A Mouse in the Chuchichäschtli

Well, you can’t go away for five minutes without all hell breaking loose.

Battling the usual post-trip miasma of fragility (brought on by the airplane-induced cough and cold, the suitcase full of dampish clothes smelling vaguely of fish, and the towering heaps of unlovely mail) there is a new and unwanted twist to the tale. A mouse family has moved into the kitchen.

Understandable as this may be in the coolish days of late September, it will not do at all.

There is a definite moral dimension to having a mouse in a Swiss house. It implies bad housekeeping, slatternly ways, possible plague, and total chaos. It is a matter only discussed amongst family and with closest friends. It is a sign of domestic defeat.

There are several stages that lead to mouse awareness and acceptance. The first is denial: that rustling sound is just the onions resettling themselves in their basket. The second is terror: this usually involves the actual sighting of a small rodent scurrying along the edge of the counter. The third is victory through death.

The mice have been living in the kitchen cupboard. This is the most sacrosanct of places. As a matter of fact, in WWII if a suspected German was claiming to be Swiss they made him say “Chuchichäschtli” (gargle it right at the back of your throat). The word means kitchen cupboard in Swiss German dialect and if the accent and inflection were wrong some sort of giant mouse-trap was presumably used on the culprit.


There are different ways of managing a mouse problem. A traumatized French-Swiss friend came across a mouse in her upstairs bedroom. She methodically removed every piece of furniture and clothing from the room; examined, cleaned, washed and ironed every object; then replaced them all carefully. It took weeks, but the mouse had been cleaned out of existence. I like to think of it reduced to a wafer-thin shadow-mouse folded somewhere in her underwear drawer.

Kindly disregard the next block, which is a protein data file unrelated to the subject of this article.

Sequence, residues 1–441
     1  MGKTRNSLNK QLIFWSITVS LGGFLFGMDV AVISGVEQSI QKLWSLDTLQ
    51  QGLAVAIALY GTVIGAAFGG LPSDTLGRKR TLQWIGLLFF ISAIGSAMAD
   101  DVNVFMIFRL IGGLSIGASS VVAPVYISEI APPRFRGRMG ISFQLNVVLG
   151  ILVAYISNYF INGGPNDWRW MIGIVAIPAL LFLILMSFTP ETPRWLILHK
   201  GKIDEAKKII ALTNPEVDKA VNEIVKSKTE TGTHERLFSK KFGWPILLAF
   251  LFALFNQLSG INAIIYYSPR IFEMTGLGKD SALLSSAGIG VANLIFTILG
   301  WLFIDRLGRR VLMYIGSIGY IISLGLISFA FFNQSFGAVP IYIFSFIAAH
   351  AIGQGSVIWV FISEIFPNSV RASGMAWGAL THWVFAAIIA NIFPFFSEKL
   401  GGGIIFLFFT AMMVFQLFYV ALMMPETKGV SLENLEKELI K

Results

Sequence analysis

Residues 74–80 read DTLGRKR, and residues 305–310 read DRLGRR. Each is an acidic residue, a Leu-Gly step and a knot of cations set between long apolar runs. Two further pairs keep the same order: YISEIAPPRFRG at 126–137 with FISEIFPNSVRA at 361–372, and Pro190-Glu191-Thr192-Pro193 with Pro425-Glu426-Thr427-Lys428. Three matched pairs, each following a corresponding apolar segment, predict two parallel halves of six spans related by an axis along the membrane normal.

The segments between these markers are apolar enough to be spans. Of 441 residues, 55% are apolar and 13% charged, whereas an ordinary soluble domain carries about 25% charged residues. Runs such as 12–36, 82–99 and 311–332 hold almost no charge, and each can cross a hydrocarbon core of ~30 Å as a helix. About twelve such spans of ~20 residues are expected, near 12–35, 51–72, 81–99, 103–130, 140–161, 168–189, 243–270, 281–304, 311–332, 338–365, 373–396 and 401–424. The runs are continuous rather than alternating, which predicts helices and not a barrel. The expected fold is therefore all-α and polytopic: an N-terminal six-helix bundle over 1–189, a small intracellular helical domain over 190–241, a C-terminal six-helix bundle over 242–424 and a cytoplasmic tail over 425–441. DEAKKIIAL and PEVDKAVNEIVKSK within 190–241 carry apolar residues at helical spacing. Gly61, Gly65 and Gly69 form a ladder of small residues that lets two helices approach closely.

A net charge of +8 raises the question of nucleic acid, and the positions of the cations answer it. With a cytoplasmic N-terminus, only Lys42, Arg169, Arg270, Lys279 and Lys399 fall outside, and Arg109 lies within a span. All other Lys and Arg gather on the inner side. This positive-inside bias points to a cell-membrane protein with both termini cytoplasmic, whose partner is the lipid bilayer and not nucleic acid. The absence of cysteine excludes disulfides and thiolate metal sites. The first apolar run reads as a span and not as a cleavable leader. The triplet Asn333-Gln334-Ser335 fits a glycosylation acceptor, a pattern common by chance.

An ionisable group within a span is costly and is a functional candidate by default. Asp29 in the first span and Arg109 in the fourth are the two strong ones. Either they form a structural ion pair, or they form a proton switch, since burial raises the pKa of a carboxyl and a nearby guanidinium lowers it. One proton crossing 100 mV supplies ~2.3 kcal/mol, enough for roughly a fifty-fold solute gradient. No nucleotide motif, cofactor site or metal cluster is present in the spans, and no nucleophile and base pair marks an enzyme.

A bachelor buddy of my husband’s, living in an old manor house near Zurich, was tolerant of mice if they stayed INSIDE the bread box. Guests who thought they had been eating seeded bread for breakfast quickly changed to yogurt.

And then there is my brother-in-law’s famous mouse tale. Many decades back, Stanley came down to make his breakfast in a Southern Ontario hippie haze. He put eggs on to boil, and toast in the toaster. A mouse, obviously cleaning up the crumbs at the bottom of the toaster ran out, hit the gas flame and jumped into the pan of boiling water. Told with brio (and sometimes with several additional steps) this has become a family mouse mantra passed down through the generations.

With a battery of traps, I have captured three, and Elena (the cat-minder) two. The plastic Swiss traps were craftily named Power Cat. Henry, the real cat of the house, is pathologically frightened of mice, and makes huge, exaggerated, scaredy-cat steps through the kitchen when there are mice in residence. The Canadian traps were called Victor. Peanut butter was the bait of choice.
The kitchen is now a mouse-free zone.

I think.

Out of Station — Sicily

I’m off! We perpetual tourists (PTs, as we like to call ourselves) sometimes even leave home. Mozart balls in my pocket (don’t ask) we’re going to Sicily, and I’m completely prepared.